We are now three months into our Tullahoma time and what have we been up to? Well, besides the typical office days for Kyle, nap times for Shaye, and a Peruvian dinner thrown in, we have travelled several times. Kyle took a quick jaunt up to New York and Boston with his brother-in-law to catch a few baseball games and reports that Fenway Park is as unique and enjoyable as everyone says.
The team has recently shifted away from talking about “house” church to talking about “organic” church. Some have already said that we should just stick with house church language, since people are familiar with it. We cordially disagree, however, for a few reasons.
On April 20th we had a pretty significant meeting at Harding University. Elders and ministry leaders from Shiloh Road and Cedar Lane gathered together with the team and Bill Richardson for discussions and the establishment of a covenant agreement between the two churches. Despite the long drive (6+ hours) for everyone involved, except Bill, a productive meeting was had and all were blessed.
We have truly been blessed with this year of preparation with our two sending churches. I can now add Dr. Phillip Slate to our list of “challenging weekend speakers.” Cedar Lane asked Dr. Slate to come speak with the elders and missions committee members on how they can be more effective in foreign mission work. Greg and Kyle worked very hard to compile a document including dates of field work, missionary and church data, and interviews of various representatives of Cedar Lane’s mission history.
Less than six months. Does that sound really short to anyone else? We are finally here…my home town, Tullahoma, TN. I have been waiting for this move for a very long time. I thought that I would be so ready for this time, but I have been experiencing some weird emotions. I am very happy to be among “my people,” but I will miss the people of Shiloh Road so much. I grew to love them and was loved by them in ways that I never expected. God taught me a powerful lesson in Tyler, TX. Wherever we are on this earth, if we can find the church, we have found family.
A couple of weeks ago we made yet another exit and yet another entry. Our recent years have been full of packing, loading, unpacking, settling in, leaving friends and family, and meeting new friends and family. Among the most beautiful of Jesus’ promises is the assurance that whatever family we leave for his sake will be compensated a hundred times (Mk 10.29-30). Of course, this makes no sense if we think that Jesus is suggesting our loved ones are replaceable or that he is offering some sort of equitable return for sacrificial discipleship. Since he is not, we are challenged to experience a reality that certainly cannot make sense outside of the Kingdom.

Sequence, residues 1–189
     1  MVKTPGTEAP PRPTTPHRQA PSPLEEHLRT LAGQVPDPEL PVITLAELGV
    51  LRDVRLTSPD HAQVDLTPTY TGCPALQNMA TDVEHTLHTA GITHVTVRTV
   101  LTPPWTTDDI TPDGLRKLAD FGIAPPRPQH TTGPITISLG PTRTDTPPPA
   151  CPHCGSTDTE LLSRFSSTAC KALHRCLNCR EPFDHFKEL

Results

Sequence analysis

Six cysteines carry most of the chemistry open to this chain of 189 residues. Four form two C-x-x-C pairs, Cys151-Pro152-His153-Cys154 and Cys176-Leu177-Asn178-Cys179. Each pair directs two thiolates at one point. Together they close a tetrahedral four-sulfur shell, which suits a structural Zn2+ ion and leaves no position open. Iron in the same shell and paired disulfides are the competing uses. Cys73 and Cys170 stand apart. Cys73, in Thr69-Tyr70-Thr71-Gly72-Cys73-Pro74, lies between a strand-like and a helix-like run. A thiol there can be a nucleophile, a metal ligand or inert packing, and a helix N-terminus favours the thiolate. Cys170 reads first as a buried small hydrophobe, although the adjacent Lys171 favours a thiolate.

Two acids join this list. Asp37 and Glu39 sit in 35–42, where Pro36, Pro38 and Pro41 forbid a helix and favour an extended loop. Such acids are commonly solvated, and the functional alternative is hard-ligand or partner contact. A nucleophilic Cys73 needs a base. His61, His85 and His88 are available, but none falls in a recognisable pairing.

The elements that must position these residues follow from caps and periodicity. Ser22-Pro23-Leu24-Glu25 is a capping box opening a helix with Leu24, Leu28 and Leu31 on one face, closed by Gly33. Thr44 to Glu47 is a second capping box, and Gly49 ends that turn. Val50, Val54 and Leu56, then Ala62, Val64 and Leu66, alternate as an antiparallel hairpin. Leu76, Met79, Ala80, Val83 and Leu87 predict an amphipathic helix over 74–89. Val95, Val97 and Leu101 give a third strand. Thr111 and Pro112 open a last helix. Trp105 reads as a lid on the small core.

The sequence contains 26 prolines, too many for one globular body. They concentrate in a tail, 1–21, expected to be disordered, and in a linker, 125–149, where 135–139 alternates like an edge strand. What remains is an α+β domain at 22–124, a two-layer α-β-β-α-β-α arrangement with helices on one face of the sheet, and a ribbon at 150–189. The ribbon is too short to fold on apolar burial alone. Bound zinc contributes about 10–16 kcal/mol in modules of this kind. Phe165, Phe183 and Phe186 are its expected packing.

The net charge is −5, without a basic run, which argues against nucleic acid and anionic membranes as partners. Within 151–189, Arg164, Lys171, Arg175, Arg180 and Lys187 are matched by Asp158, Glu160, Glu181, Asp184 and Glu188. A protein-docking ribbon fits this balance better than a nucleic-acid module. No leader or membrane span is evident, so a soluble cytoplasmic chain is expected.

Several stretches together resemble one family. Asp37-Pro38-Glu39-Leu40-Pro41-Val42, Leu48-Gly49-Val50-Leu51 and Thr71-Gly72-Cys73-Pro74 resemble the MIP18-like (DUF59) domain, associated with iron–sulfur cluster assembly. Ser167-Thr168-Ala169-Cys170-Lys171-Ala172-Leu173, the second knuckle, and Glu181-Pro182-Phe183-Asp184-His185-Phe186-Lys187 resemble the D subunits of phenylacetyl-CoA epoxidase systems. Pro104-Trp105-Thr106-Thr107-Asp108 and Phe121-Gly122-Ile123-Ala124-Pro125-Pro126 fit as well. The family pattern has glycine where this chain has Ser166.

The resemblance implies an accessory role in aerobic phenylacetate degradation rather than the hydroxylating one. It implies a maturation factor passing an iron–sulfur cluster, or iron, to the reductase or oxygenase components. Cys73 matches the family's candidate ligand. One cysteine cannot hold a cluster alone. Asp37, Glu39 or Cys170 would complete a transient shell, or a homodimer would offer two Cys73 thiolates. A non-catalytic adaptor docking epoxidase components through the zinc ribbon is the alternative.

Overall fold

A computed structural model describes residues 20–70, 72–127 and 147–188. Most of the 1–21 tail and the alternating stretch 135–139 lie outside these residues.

From the beginning of our involvement with teamAREQUIPA we’ve been asked questions. I can understand that. For a group of college students to plan a long-term mission work in a foreign country surely raises a lot of questions among their family, friends, and supporters. As the time of our departure has gotten closer, the questions have been taking some interesting shifts. Early on we would hear information-gathering questions: Where is Peru? How long do you plan to be there? What type of mission work will you do? The questions I’m fielding now often have to do with how we can commit so much of our lives to this work, or how we can take our family out of the country for so long. Often times I’ve been told, “I couldn’t do that...moving to a foreign place and doing that work.”
Before a game, teams usually have someone give a little pep talk, just to get their spirits up, to get them focused and energized and motivated. Then during time-outs or huddles, someone continues that sentiment to keep the players upbeat and on task. We have just had the privilege of having Dr. Evertt Huffard lead a missions weekend at Shiloh, which served a very similar purpose.
It's hard to know what to say about two Churches of Christ partnering in a missions endeavor. Our fellowship has a lot of water under the bridge on that particular point. Yet, the thing that makes it hard to find the words is the very same thing that makes it such an exhilarating, beautiful thing. Perhaps "exhilarating" and "beautiful" are not the words that those involved in working out the practical details of partnership would choose, but they are the right words in my view.
On the night of January 12, teamAREQUIPA hosted a "Taste of Arequipa" dinner to build awareness among the Shiloh team members. We could not have been more pleased with how the night turned out. And watch out Tullahoma, we hope to do something similar during our time with you. I don't want to ruin any surprises with the Tullahomians, so I will allow the pictures on the next page to explain just enough.